Citations:

1New York State Archives; Albany, New York; State Population Census Schedules, 1905; Election District: E.D. 05; City: Hancock; County: Delaware

2Year: 1900; Census Place: Colchester, Delaware, New York; Roll: 1021; Page: 15B; Enumeration District: 0005; FHL microfilm: 1241021.

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Ernest Arthur Newport

ernest or earnest newport in his early 20s b nov 24 1896 (2)
Ernest Arthur Newport (1896-1935) in his early 20s

Parents:

  • Mary Sodawater Newport, 1876-before 1930
  • August Albert Newport; 1861-1937

Siblings:

  • Fred W. Newport, 1895-1895
  • Reuben Albert Newport, 1898–1952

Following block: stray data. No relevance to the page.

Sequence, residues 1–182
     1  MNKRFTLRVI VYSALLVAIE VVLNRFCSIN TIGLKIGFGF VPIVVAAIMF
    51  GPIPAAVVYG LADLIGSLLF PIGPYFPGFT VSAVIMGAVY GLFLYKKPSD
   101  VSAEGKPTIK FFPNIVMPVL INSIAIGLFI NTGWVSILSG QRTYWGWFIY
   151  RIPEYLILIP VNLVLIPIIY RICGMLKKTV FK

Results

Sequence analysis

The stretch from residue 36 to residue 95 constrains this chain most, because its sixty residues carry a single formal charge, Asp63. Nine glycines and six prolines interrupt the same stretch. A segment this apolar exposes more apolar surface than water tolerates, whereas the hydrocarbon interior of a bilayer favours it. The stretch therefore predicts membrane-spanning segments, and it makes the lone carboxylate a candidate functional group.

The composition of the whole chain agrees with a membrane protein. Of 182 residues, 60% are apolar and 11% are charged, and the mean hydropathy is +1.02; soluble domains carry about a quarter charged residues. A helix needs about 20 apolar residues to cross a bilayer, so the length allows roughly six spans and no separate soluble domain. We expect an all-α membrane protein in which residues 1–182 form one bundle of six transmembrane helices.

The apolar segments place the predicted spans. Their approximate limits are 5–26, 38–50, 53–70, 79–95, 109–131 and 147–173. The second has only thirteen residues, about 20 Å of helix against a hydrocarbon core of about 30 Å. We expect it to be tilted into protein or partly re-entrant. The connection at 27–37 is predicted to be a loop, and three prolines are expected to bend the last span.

• Florence A Newport, 1900–1972
  • Frances A Newport, 1900–1966

This initial narrative is a series of discoveries about the Newport family where research is a challenge for every person in the tree. When friends tell me they completed their family tree after a six-month stint with ancestry.com, I am envious, and a tad skeptical. How is it possible I bump into so many brick walls?

My mother, a foster child in the 1930s, lives with several families during her childhood. The Caffrey farm is home during her high school years where a special bond develops. That family seems more like kin than her own brothers and sisters.

I met Newport first cousins long ago leaving me with vague memories, no names or faces that I recollect. Although my mother’s siblings reconnect later in life, by then I was raising my family far away from Pennsylvania in Florida, Texas, and California. Stories and pictures of her birth family are scarce and treasured.